hasan83 hasan83 - 11 months ago 68
Objective-C Question

CocoaLumberjack log level

I don't really understand what log level means.

In Lumbejack the following log levels defined:

#define LOG_LEVEL_OFF DDLogLevelOff
#define LOG_LEVEL_ERROR DDLogLevelError
#define LOG_LEVEL_WARN DDLogLevelWarning
#define LOG_LEVEL_INFO DDLogLevelInfo
#define LOG_LEVEL_DEBUG DDLogLevelDebug
#define LOG_LEVEL_VERBOSE DDLogLevelVerbose
#define LOG_LEVEL_ALL DDLogLevelAll

What some of those mean? and how they are used?
Is those related to CocoaLumberjack all for iOS?

Also, I use the following code in my pch file:

#ifdef DEBUG
static const int ddLogLevel = LOG_LEVEL_VERBOSE;
static const int ddLogLevel = LOG_LEVEL_ERROR;

What those mean? I searched the project for the
var and I didnt find it used anywhere. also, not in lumberjack pod.

Answer Source

Setting the ddLogLevel filters what messages appear from the various DDLogXXX methods.

If you set ddLogLevel to LOG_LEVEL_ALL then all DDLogXXX methods will be logged. If you set ddLogLevel to LOG_LEVEL_INFO then only Info, Warning, and Error will be logged.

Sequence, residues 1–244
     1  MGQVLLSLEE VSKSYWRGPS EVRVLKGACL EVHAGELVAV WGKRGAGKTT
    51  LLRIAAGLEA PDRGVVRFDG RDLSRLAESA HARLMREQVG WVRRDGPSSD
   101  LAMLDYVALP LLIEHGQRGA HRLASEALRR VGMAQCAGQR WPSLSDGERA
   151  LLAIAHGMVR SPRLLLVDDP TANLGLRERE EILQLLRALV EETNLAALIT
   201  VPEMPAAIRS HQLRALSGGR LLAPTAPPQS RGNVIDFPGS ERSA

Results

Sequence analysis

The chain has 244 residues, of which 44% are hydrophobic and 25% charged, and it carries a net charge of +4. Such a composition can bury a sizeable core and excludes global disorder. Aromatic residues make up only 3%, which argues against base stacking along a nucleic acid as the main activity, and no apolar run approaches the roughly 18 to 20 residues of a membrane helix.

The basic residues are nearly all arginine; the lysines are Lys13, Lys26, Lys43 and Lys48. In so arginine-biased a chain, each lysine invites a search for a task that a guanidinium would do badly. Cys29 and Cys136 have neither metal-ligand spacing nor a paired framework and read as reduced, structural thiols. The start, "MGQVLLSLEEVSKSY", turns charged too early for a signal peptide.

Just look at the list of #define lines you show. Selecting a given value results in only messages from that level and those higher up in the list.

If you set ddLogLevel to LOG_LEVEL_INFO and you have the following two lines:

DDLogInfo("some info message");
DDLogDebug("some debug message");

Then only the first message will be logged because Debug is lower than Info.

The actual meaning of each level is somewhat subjective. Just use them consistently in your app. The most important or critical messages should have the highest levels and the least important should have the lower level.

I use DDLogError when my app encounters unexpected values or when a method that provides an NSError parameter fails. I log a relevant message and include the NSError value.

I use DDLogInfo for "I'm here" type messages.

I use DDLogDebug to log variable values.

I don't use DDLogWarn too often but you could use it for unexpected issues where there isn't an actual error but something important to note.